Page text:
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ARREBOL

Los Jaivas

Prog Folk


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Los Jaivas Arrebol album cover
2.57 | 13 ratings | 2 reviews | 8% 5 stars

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Studio Album, released in 2001

Songs / Tracks Listing

1. Arrebol
2. Milonga Carcelaria
3. Alegría De Mi Amor
4. Todos Americanos
5. Por Los Niños Del Mundo
6. Libre Albedrío
7. Vamos Por Ancho Camino
8. Chile
9. Me Encontré Al Diablo
10. Pololeo por computer
11. Amores De Antes
12. Que Suerte Tengo
13. El Residente Nacional

Lyrics

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Music tabs (tablatures)

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Line-up / Musicians

- Gato Alquinta / guitar, vocals
- Juanita Parra / drums
- Claudio Parra / piano, keyboards
- Eduardo Parra / moog synthesizer, keyboards
- Mario Mutis / bass, guitar, vocals

Releases information

CD Columbia 2-500053

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LOS JAIVAS Arrebol ratings distribution


2.57
(13 ratings)
Essential: a masterpiece of progressive rock music(8%)
8%
Excellent addition to any prog rock music collection(15%)
15%
Good, but non-essential (31%)
31%
Collectors/fans only (38%)
38%
Poor. Only for completionists (8%)
8%

LOS JAIVAS Arrebol reviews


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Collaborators/Experts Reviews

Review by ZowieZiggy
PROG REVIEWER
2 stars The last studio album from "Los Jaivas" to date is not the worst one of their career. But not the best one either. It holds some good compositions like the title track for instance which is also the most prog oriented.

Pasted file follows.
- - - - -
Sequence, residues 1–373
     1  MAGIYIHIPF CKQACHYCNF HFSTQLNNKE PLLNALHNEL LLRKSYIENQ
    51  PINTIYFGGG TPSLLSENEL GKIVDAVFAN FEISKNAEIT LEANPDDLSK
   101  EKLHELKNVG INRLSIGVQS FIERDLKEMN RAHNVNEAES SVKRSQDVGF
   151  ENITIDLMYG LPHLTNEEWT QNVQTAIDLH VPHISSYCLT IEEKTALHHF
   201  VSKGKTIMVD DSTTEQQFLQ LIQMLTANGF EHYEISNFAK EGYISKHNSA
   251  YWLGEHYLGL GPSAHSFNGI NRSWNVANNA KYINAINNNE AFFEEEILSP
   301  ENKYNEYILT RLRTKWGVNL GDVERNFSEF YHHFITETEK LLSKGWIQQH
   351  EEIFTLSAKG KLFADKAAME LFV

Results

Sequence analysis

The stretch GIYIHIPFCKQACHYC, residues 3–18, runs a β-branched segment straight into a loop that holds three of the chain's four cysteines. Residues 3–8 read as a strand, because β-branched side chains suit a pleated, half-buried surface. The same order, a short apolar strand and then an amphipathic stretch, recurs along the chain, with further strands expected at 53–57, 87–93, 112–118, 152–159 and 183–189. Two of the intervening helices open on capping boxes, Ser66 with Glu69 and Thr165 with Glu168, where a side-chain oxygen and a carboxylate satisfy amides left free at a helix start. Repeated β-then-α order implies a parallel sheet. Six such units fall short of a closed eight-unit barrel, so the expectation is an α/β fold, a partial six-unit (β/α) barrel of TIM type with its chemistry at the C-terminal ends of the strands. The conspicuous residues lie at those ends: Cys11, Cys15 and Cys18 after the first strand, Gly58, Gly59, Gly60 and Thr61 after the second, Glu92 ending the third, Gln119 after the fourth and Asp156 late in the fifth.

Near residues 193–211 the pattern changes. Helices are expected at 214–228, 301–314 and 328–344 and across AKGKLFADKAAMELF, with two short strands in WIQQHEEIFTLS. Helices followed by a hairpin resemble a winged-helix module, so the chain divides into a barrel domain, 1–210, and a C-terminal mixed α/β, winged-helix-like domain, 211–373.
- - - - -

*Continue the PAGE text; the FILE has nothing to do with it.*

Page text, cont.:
Even if a good guitar break is a pleasant surprise during "Milonga Carcelaria" the finale is pretty difficult to bear. One of the weakest song here is "Todos Americanos" which is just a pure Andean folk song. The childish "Por Los Niños Del Mundo" is another one of these. Press next.

The mood is fully folkish for most of this album. Prog fans will hardly find any relation with prog music in here. So, depending on where your taste is, you will love this album or feel bored while listening to it. I belong more to the latter category (throughout their whole work I must say).

At times, some good electric guitar moments will highlight this album. They are mostly blended into their native music, though. "Chile" is a good example. Nice fluting adds another dimension to it, but I guess that South Americans might be more receptive as I am about it. Vámonos guajira.

The last five tracks sound like they were recorded during a cocktail party and include some audience atmosphere (mainly conversations and clinking glasses). Nothing to write home about.

The band will release several albums called "Voragine" (I through V) after the decease of Gato Alquinta. These albums being some sort of compilation works of their early days (68 through 71). The band is extremely popular in their home country. The sad deaths of several of their members during their career (remember, they started it some forty years ago) give them a huge emotional signification.

I rate this album with two stars. Los Jaivas music doesn't speak to me really.